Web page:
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8:02 AM | Delphi, The World's First Fully Integrated Tabletop Fluorescence And Electron Microscope
Delphi is a complete solution that makes it possible to do fast correlative microscopy with unique overlay precision. The system is easy to use for both light- and electron-microscopists making correlation intuitive and fully automated.
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5:09 AM | Doped graphene nanoribbons with potential
Researchers developed a new method to selectively dope graphene molecules with nitrogen atoms. By seamlessly stringing together doped and undoped graphene pieces, they were able to form ?heterojunctions? in the nanoribbons, thereby fulfilling a basic requirement for electronic current to flow in only one direction when voltage is applied - the first step towards a graphene transistor.
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2:11 AM | Circle, Hunt Women for Sex; Post in a Forum about It
This post is part of a collaborative narrative series composed of my writing and Chris Arnade’s photos exploring issues of addiction, poverty, prostitution and urban anthropology in Hunts... -- Read more on ScientificAmerican.com

September 07, 2014

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4:44 PM | Continuing Bragg legacy of structure determination
Over 100 years since the Nobel Prize-winning father and son team Sir William and Sir Lawrence Bragg pioneered the use of X-rays to determine crystal structure, researchers have made significant new advances in the field.
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4:40 PM | High-speed graphene detector captures unprecedented range of light waves
New research could lead to light detectors that can see below the surface of bodies, walls, and other objects, with applications in emerging terahertz fields such as mobile communications, medical imaging, chemical sensing, night vision, and security.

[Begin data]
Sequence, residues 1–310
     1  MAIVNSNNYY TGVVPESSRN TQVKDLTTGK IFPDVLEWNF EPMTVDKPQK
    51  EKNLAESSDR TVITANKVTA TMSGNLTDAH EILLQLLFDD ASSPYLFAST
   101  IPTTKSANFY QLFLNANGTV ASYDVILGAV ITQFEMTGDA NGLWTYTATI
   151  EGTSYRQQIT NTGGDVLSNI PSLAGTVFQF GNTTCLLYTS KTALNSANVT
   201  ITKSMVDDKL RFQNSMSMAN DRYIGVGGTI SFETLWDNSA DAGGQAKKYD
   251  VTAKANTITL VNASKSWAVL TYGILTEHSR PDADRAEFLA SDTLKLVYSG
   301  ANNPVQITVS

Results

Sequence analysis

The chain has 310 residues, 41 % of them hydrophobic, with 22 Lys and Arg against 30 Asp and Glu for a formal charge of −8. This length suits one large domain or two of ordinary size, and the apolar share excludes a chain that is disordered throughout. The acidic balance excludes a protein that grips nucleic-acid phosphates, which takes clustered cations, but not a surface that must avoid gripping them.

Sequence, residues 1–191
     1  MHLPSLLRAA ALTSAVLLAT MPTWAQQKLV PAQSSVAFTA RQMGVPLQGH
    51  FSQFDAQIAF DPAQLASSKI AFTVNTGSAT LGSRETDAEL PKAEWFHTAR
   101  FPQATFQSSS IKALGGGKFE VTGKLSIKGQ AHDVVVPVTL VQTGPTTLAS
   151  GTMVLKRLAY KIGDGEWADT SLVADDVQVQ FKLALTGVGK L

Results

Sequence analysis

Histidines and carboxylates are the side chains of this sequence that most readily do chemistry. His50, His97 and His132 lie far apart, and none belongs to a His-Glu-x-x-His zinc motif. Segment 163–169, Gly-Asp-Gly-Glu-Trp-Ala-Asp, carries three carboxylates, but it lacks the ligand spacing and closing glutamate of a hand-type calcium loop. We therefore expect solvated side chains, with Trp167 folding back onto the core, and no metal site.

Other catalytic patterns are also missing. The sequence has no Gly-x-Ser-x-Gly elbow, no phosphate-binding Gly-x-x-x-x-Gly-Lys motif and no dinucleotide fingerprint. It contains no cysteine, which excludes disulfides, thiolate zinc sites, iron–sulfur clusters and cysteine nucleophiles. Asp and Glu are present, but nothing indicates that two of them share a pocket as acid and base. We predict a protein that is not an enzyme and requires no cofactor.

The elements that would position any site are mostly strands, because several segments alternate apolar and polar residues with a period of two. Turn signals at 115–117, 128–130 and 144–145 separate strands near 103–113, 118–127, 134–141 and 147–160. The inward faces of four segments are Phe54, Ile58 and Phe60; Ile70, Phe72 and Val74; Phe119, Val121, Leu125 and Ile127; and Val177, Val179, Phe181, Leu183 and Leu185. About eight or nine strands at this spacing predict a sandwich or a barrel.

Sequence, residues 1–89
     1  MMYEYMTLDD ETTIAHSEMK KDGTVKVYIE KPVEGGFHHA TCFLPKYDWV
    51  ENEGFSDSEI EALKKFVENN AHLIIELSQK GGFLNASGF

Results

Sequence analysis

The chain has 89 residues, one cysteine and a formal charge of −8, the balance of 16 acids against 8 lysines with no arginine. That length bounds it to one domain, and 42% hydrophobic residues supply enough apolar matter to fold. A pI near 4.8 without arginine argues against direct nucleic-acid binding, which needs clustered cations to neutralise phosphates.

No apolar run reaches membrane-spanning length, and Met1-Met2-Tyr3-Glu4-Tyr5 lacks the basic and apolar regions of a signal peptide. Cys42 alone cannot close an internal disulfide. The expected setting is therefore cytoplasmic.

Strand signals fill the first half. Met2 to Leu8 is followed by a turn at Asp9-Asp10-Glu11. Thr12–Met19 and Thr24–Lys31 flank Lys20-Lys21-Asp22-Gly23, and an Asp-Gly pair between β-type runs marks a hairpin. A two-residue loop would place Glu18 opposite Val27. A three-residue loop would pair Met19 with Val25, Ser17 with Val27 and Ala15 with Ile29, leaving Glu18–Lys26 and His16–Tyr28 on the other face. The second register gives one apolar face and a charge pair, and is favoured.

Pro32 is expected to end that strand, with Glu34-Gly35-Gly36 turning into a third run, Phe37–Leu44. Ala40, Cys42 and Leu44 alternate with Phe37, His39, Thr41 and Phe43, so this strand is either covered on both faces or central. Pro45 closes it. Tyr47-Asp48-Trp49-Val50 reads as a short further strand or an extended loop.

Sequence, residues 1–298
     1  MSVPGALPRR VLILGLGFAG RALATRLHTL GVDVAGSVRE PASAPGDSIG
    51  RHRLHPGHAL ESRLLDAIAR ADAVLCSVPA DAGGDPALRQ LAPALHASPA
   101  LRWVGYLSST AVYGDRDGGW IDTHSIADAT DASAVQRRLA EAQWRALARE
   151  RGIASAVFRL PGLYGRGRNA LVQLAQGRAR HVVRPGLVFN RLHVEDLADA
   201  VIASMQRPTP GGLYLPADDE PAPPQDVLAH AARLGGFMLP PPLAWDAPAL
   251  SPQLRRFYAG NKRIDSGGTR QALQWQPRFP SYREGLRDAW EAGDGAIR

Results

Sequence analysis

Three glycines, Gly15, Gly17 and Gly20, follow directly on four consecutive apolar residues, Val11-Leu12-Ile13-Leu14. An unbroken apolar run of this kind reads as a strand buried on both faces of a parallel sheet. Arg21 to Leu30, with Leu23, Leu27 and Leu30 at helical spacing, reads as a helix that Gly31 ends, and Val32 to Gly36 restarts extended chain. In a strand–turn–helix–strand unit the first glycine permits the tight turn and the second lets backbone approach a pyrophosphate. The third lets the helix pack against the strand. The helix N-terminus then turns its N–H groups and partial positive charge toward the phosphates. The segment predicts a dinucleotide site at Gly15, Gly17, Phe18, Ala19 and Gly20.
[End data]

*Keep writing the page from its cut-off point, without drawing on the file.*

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4:35 PM | Rethinking the basic science of graphene synthesis
A new route to making graphene has been discovered that could make it easier to ramp up to industrial scale. Graphene, which has super strength and the ability to conduct heat and electricity better than any other known material, has potential industrial uses that include flexible electronic displays, high-speed computing, stronger wind-turbine blades, and more-efficient solar cells, among other uses now under development.
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10:09 AM | Open knowledge dissemination (with @IFTTT)
An important part of science is communication. That is why we publish. New insights are useless if they sit on some desk. Instead, reuse counts. This communication is not just about the facts, but also a means to establish research networks. Efficient research requires this: you cannot be an expert in everything or at least not be experienced with everything. That is, for most things you do, there is another researcher that can do it faster. This is probably one of the reasons why many Open […]
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9:34 AM | Fungal metabolites